5. I think it’s a very wise idea to create a savings cushion for security and freedom reasons. I’m looking forward to following your progress.

  6. I love the concept of Financial Independence, which luckily doesn’t mean having to inherit great wealth or win the lottery. Instead it means using our money to invest in what we truly value, and to have fiscal sanity, stability and security.

    (I’d recommend reading ‘Your Money or Your Life’ by Joe Dominguez, Vicki Robin and Monique Tilford)

    Here is a cautionary tale …

    A friend of mine is only interested in immediate gratification and has no concept of being careful with money and thinking long term.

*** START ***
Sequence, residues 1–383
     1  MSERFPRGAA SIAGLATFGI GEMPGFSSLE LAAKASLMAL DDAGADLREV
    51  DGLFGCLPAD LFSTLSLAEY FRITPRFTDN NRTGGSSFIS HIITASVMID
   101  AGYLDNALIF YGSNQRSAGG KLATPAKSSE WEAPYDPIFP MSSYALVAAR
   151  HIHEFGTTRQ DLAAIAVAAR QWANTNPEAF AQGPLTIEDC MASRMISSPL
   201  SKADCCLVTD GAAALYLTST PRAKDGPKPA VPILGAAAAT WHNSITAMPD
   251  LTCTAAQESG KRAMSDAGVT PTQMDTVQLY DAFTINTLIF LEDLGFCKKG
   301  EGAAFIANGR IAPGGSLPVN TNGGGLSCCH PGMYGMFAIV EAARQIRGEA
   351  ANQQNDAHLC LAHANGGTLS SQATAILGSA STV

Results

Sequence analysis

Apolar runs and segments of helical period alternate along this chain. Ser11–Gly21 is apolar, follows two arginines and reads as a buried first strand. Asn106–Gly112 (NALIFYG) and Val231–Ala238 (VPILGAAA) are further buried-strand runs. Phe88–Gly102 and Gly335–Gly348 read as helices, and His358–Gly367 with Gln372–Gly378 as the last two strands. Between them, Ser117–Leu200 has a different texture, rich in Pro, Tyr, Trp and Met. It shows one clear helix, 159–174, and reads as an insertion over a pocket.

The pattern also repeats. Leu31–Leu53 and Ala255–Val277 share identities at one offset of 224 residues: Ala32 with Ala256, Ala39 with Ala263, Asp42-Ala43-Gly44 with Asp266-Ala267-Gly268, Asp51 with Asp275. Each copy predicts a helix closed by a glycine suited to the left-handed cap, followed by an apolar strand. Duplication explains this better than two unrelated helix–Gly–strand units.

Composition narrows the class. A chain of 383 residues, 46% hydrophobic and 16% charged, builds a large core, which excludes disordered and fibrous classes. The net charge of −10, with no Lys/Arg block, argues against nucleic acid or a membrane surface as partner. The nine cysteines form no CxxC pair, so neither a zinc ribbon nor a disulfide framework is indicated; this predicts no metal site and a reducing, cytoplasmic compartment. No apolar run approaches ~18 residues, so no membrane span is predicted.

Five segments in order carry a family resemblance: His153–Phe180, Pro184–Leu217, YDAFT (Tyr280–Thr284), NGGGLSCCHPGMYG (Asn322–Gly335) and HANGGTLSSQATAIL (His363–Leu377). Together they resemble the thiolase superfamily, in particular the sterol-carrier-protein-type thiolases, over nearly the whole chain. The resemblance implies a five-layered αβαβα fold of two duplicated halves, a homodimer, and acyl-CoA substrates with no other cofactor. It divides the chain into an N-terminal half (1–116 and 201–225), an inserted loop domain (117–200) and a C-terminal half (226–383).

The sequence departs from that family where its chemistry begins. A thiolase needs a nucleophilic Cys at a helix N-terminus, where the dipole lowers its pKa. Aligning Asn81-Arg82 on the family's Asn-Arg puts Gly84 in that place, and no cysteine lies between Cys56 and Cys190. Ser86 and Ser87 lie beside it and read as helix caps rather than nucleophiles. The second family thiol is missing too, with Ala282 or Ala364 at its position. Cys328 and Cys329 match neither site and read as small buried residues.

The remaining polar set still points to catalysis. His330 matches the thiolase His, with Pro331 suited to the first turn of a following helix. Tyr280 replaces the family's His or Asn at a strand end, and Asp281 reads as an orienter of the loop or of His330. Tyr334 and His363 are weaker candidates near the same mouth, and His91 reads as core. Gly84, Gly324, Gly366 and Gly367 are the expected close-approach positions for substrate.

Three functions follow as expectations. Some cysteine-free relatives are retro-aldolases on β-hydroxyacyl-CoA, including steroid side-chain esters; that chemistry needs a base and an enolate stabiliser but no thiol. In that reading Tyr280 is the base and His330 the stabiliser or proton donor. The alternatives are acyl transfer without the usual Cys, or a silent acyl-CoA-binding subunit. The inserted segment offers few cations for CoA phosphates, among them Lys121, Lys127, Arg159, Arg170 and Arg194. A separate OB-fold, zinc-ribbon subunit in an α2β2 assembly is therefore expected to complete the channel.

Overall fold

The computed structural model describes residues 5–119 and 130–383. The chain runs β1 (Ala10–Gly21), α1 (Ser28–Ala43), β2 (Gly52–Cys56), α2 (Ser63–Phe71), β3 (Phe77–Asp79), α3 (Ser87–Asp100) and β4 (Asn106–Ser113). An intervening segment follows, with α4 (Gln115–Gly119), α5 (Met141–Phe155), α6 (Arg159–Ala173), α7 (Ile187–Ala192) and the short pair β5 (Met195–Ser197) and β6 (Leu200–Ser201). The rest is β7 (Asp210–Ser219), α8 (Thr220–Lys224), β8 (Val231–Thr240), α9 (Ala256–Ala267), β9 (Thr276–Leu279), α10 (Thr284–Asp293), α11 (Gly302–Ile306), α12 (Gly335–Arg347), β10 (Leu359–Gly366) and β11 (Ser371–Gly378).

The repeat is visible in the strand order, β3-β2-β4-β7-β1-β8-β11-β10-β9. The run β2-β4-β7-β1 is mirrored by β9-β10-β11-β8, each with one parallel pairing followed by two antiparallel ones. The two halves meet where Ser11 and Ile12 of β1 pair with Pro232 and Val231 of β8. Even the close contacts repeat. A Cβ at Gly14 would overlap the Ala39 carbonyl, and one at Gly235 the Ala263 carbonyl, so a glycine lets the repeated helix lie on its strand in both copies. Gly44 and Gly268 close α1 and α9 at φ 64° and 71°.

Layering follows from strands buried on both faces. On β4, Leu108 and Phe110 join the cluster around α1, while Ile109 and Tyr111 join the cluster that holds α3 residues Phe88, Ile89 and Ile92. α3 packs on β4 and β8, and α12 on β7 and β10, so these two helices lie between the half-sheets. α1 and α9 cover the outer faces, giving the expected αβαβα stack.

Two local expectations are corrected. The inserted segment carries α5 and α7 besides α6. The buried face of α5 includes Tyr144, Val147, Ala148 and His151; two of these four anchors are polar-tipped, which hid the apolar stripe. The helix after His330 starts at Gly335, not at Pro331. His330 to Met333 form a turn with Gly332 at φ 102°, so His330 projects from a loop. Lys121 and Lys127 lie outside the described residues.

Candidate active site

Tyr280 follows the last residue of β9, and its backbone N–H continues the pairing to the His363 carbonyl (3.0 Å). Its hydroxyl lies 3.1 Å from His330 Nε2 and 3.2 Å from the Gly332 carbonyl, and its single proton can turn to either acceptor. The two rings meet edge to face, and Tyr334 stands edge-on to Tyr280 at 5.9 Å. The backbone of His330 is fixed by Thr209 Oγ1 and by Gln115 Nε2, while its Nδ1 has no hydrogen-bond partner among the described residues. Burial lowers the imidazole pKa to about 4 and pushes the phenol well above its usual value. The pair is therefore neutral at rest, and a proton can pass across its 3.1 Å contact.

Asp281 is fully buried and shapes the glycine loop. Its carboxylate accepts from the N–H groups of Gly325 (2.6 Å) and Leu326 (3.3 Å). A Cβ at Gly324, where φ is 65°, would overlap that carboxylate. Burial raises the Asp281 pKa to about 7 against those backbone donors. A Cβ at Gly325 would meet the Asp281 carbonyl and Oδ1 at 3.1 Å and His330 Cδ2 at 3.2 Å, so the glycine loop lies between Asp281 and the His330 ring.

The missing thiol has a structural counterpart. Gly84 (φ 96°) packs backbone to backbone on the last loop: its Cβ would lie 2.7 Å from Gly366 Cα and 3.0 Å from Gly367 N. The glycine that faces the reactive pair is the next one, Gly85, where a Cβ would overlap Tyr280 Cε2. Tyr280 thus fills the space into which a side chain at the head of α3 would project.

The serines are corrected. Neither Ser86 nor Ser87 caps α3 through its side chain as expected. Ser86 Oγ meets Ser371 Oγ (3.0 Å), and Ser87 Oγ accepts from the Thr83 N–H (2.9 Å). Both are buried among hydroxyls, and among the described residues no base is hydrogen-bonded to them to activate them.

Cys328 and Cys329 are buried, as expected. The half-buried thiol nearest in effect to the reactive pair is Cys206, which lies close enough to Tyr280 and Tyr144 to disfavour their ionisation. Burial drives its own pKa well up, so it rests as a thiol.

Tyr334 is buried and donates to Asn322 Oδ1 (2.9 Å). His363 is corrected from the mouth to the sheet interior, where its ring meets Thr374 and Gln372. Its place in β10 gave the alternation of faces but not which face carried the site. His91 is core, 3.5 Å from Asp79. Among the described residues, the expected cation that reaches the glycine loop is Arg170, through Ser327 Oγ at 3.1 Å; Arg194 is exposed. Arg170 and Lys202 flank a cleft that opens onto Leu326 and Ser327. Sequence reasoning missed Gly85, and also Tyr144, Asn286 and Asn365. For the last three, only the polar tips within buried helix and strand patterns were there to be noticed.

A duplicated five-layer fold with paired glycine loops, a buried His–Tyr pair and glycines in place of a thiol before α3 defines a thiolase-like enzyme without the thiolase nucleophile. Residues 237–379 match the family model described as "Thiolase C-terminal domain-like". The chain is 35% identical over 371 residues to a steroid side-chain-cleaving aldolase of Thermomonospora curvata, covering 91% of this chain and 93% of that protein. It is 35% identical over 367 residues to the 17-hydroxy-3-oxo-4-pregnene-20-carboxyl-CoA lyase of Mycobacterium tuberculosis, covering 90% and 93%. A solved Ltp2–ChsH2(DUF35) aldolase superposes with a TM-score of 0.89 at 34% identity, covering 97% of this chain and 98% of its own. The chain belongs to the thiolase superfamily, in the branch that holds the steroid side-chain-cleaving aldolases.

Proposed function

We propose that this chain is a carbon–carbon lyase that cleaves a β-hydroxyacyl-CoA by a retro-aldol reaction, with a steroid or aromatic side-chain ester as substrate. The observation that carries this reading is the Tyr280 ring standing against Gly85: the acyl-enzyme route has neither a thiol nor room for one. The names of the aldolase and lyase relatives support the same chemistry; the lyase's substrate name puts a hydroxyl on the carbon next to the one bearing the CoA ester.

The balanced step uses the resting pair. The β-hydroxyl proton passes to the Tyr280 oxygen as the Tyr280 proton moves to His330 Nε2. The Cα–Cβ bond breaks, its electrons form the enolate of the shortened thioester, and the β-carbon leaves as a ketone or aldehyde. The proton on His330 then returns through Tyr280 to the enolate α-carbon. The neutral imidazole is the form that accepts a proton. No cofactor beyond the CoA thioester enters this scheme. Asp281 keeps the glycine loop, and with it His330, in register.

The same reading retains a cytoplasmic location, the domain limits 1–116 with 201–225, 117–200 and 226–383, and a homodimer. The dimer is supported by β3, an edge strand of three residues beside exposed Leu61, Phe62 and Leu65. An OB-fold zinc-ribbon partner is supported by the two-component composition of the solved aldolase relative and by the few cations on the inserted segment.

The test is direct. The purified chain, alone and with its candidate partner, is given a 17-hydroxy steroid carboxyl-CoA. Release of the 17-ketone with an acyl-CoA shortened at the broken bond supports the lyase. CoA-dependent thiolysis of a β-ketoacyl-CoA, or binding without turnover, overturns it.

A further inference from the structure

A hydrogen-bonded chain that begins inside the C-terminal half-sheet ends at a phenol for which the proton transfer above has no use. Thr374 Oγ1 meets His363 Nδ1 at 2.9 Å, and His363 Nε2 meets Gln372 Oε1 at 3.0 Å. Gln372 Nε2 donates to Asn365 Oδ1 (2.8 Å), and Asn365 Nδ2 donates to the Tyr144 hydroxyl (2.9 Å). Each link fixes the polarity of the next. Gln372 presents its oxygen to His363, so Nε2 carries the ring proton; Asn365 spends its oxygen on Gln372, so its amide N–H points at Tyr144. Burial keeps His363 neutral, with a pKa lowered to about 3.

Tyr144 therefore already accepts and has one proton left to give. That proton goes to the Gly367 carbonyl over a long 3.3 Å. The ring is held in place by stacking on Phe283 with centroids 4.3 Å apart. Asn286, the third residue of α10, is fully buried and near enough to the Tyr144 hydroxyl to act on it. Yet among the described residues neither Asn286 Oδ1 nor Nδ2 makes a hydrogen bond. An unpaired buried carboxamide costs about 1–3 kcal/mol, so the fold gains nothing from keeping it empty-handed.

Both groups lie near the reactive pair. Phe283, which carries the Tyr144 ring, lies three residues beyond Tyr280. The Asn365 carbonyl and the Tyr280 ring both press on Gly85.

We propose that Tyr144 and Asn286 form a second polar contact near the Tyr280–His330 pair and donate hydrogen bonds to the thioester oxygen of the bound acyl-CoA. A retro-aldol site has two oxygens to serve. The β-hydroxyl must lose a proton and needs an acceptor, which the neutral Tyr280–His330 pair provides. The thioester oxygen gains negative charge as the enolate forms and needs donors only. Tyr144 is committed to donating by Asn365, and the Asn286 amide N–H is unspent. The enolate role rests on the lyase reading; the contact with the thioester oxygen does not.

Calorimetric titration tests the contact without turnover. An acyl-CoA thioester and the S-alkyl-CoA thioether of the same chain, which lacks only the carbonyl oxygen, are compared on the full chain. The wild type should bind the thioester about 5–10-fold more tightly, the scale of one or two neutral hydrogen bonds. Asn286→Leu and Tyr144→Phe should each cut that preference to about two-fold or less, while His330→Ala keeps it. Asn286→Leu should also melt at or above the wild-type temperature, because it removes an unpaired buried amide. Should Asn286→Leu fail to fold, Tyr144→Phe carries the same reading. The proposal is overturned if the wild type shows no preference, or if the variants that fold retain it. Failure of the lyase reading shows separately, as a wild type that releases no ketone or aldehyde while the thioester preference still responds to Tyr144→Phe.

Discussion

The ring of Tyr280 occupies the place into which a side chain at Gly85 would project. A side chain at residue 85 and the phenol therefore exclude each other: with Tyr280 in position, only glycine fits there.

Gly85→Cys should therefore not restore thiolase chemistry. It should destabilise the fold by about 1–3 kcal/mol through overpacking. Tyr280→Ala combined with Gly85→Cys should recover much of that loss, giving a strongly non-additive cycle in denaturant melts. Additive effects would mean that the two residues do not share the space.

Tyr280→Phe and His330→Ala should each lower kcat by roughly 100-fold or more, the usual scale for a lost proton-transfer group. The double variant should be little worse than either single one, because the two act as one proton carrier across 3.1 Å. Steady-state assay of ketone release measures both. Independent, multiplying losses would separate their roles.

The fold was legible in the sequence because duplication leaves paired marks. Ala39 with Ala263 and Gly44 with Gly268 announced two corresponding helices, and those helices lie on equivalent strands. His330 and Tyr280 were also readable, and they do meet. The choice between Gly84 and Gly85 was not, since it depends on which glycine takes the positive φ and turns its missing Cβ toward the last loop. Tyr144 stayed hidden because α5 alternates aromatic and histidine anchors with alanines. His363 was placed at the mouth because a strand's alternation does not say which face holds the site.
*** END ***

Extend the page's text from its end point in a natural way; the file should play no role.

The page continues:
On the surface it looks like she has an affluent and wonderful life. She has an enormous collection of expensive clothes, handbags and shoes, a big shiny car, her kids have bedrooms stuffed full of toys and gadgets, she has lovely furniture, curtains, kitchen gadgets, new towels and bedding on a regular basis, and they eat out at least 4 times a week. (Also, she spends around £1000 per month at the supermarket!!!!!)

    However, she has got all this by spending all of her own salary, and her husband’s salary, using all the equity in the house to pay credit card bills by increasing the mortgage, running up other large debts then taking out bank loans to pay them, immediately spending any windfall rather than using it to pay off debts.

    As a result she ended up with a house that had no equity left in it (after 15 years of owning it), large credit card debts, outstanding bank loans, and a divorce (her husband left because of her spending habits).